November 3, 2009

LKL Web Exclusive: The Future of Black Politics

Posted: 10:38 PM ET

By Jeff Johnson
Host, BET News

There have been two very different, yet related Mayoral races coming to a close tonight. Both have serious implication about the future of local Black politics in the United States.

Jeff-JohnsonAtlanta has been presented with the reality of having a non-Black Mayor for the first time in decades due to shifting demographics and the multitude of black political interests. In New York City many are questioning if Black leaders that have received donations and appointments from sitting Mayor Bloomberg have blocked Bill Thompson, a legitimate Black candidate, from gaining substantial African-American support and thus having a chance to win.

What is the real future of what used to be a monolithic and powerful Black-voting bloc in the face of new local demographics and ideological realities?

Cities like Atlanta, New Orleans, Washington D.C. and even Baltimore that have maintained overwhelmingly Black city leadership are being forced to rethink political methodology that has governed how things are done for decades.

The gentrification of urban cities has shifted primarily black populations from inner cities that are increasingly unaffordable to surrounding suburbs with more reasonable residential prices and taxes. These urban centers with shifting tax bases and more racially diverse populations will begin looking for political representation that is reflective of “their” (whatever demographics “they” may be) ideological beliefs.

While not rocket science, this reality has seemed to escape many Black leaders. It is making it more and more difficult for “old school” black leadership that is unwilling to embrace a broader political agenda vs. holding on to “race politics” that predicate their entire agenda on civil rights issues alone to survive.

In Atlanta I have heard more about the color of the candidates than what they have the capacity to DO. The universe of Black Political leadership is as diverse as the African-American community itself. For those that are concerned with maintaining some level of African-American political power in any city, it will take more than simply being Black. I for one am excited about it. How about elected officials (regardless of color) with the capacity to provide transformative representation for those who actually elected them.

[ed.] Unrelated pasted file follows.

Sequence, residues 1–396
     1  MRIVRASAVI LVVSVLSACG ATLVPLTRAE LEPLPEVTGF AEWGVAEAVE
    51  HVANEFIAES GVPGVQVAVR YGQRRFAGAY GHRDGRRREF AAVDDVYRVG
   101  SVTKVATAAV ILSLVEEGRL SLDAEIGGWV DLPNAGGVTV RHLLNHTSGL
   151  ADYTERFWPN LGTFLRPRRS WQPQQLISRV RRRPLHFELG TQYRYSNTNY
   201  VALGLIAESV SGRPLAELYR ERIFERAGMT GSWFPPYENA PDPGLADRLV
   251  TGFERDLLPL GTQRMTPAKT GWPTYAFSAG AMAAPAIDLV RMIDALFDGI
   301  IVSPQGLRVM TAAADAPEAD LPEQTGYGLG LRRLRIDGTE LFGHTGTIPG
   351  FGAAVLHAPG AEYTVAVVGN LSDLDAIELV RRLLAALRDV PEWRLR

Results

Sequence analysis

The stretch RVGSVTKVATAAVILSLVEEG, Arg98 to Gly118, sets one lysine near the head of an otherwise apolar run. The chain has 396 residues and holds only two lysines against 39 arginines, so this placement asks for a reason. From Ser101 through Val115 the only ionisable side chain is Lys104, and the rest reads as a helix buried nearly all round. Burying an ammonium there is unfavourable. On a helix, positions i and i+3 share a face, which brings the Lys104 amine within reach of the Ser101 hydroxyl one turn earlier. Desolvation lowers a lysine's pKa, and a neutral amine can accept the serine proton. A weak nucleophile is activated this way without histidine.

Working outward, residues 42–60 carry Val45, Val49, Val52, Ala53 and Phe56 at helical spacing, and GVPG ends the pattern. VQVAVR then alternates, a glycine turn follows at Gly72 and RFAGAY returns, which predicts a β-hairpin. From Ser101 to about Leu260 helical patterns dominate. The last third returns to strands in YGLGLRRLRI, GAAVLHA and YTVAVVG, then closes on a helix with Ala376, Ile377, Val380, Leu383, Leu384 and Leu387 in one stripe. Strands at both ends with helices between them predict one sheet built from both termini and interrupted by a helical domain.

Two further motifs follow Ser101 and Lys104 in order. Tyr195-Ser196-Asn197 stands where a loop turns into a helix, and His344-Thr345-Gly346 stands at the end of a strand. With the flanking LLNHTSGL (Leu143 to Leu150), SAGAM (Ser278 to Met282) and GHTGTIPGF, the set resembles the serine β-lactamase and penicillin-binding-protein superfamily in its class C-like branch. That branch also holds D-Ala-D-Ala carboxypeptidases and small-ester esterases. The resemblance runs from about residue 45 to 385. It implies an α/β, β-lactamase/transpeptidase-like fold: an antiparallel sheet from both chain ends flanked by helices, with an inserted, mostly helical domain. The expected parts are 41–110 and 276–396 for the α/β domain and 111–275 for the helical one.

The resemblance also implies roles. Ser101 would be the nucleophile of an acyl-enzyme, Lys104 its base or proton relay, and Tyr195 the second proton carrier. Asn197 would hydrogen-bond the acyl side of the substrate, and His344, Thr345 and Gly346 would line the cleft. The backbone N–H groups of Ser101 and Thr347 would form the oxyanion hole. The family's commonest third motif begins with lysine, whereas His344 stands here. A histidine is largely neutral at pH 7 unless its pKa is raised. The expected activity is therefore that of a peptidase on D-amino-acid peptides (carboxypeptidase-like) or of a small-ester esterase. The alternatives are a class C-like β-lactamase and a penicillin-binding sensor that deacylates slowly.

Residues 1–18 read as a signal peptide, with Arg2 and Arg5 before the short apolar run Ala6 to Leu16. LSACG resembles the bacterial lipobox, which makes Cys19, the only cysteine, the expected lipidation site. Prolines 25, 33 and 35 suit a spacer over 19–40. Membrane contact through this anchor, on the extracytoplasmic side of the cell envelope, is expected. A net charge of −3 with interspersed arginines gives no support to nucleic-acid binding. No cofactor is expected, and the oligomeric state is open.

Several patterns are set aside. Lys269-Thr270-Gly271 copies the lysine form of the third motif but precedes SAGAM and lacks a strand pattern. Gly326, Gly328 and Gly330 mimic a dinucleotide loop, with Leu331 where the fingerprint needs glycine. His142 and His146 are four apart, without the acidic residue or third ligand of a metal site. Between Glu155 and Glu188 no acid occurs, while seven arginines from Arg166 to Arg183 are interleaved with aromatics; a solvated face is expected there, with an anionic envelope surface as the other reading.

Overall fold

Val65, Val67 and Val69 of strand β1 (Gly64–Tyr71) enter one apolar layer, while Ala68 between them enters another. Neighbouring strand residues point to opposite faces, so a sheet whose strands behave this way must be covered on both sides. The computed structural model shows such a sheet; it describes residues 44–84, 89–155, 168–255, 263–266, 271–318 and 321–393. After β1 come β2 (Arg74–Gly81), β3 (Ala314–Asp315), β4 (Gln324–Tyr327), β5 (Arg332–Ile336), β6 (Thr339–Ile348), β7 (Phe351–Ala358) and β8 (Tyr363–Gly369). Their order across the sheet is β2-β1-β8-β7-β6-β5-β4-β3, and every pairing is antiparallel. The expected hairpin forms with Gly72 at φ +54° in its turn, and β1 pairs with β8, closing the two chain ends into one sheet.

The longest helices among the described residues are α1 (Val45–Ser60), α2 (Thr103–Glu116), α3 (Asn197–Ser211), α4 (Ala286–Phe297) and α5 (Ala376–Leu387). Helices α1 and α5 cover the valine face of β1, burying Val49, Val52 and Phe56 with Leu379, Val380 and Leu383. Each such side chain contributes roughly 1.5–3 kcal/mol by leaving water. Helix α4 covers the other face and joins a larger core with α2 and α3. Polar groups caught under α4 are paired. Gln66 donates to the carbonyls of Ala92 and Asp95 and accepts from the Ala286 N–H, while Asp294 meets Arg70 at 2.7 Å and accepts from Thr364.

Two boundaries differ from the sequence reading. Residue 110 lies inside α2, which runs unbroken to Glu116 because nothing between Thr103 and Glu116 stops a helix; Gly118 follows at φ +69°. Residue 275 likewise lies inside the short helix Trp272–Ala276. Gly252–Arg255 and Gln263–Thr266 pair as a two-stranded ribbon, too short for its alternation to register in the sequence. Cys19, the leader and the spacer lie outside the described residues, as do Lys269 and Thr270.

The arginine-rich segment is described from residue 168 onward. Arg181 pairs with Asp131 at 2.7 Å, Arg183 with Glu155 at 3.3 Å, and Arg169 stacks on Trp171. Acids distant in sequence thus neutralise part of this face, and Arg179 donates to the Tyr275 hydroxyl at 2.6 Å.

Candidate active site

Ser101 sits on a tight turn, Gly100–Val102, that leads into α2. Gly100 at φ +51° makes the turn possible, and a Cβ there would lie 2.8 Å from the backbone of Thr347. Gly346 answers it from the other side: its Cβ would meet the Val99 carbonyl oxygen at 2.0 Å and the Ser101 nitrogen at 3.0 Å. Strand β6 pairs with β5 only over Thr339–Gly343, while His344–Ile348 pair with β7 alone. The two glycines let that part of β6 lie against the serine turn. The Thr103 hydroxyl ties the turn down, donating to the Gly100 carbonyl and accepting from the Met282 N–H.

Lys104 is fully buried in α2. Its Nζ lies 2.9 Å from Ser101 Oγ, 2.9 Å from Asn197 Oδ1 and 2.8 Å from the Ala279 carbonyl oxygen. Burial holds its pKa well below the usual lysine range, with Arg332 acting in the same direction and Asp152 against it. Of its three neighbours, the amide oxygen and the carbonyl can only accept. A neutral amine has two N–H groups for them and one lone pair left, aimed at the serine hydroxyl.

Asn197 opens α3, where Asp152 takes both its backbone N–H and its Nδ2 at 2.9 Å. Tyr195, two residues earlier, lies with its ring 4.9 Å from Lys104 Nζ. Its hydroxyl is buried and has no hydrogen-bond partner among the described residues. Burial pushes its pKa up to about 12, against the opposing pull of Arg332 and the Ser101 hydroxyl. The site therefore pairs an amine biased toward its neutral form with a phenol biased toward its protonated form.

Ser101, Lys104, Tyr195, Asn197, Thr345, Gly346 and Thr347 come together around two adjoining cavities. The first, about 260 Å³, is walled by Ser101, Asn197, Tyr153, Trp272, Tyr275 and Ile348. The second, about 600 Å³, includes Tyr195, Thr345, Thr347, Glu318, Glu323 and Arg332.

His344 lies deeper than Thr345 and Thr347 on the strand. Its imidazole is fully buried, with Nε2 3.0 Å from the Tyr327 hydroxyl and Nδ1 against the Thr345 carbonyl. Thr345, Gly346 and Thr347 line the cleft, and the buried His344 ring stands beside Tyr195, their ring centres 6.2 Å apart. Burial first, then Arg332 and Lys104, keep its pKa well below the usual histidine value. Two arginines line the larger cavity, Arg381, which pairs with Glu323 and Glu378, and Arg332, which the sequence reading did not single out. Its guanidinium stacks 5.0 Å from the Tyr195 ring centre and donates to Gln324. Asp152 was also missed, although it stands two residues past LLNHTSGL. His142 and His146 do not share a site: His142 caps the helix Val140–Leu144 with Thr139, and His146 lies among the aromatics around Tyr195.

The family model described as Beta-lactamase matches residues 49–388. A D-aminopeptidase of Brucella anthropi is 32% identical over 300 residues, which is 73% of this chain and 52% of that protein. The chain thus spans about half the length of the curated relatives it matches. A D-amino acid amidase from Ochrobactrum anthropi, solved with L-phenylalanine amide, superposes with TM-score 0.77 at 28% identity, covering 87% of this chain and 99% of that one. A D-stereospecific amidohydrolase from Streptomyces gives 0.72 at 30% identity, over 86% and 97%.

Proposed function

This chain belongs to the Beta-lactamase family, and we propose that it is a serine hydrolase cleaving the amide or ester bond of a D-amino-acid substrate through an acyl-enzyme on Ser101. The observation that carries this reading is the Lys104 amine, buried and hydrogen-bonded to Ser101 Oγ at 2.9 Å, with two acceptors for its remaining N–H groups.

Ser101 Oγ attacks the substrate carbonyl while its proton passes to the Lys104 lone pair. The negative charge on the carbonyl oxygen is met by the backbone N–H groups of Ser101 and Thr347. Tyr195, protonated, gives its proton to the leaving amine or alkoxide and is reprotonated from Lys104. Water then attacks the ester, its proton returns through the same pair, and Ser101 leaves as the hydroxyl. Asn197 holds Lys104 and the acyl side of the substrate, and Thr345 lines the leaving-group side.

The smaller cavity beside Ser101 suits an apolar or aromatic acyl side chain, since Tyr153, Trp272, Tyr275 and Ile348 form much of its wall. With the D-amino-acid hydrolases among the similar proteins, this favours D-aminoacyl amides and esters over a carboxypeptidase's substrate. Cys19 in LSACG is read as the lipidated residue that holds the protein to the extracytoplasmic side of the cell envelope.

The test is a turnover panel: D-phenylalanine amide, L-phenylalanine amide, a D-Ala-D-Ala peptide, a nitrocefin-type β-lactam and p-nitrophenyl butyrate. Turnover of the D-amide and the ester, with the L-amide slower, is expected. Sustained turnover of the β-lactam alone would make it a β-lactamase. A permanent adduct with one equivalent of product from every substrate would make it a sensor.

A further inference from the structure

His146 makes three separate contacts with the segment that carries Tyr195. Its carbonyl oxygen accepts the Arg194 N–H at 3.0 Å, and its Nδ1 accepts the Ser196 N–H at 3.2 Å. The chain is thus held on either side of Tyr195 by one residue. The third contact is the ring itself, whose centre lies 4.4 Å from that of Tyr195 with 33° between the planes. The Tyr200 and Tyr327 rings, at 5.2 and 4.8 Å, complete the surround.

While Atlanta is dealing with shifting political power, New York City is dealing with access to power as they question the integrity associated with Black leadership that receives resources, dollars, and appointments in exchange for their vote and support.

To put it in perspective, Calvin Butts, a well known and respected Black faith leader has been chastised for promising support to City Comptroller and Mayoral candidate Bill Thompson and in the late hours of the campaign, shifting his support to Mayor Bloomberg in the shadow of reports that his church’s community development corporation received considerable financial support from both Bloomberg’s foundation as well as from the Mayor personally.

This has cast a pejorative light on all the Black faith leaders, currently supporting the Mayor, who lead large Black congregations who would have typically supported the Black candidate. Many of these Black leader’s community development corporations have received large city contracts and some of the leaders have been appointed to city commissions. While it is easy to question Butts’ last minute shift, many of the other Black leaders have been working in cooperation with the Mayor since his last election. I thought that local leaders were always fighting to have city leadership provide access to resources and leadership opportunities often reserved for those outside the Black community. It seems a bit hypocritical to fight for that level of access, receive it, only to then say…”oh…now a black guy is running…so thanks, but no thanks”.

Thompson’s chances were less hijacked by Bloomberg’s support of Black leadership, than by the fact that he spent more money to run for a third term than any Mayoral candidate ever. It is important to support the development and advancement of candidates of color. I do hope my comments do not negate that point. However, as the realities of the shifting demographics of local communities change the face and agenda of the electorate, what once was effective black political strategy and mobilization will forever be changed.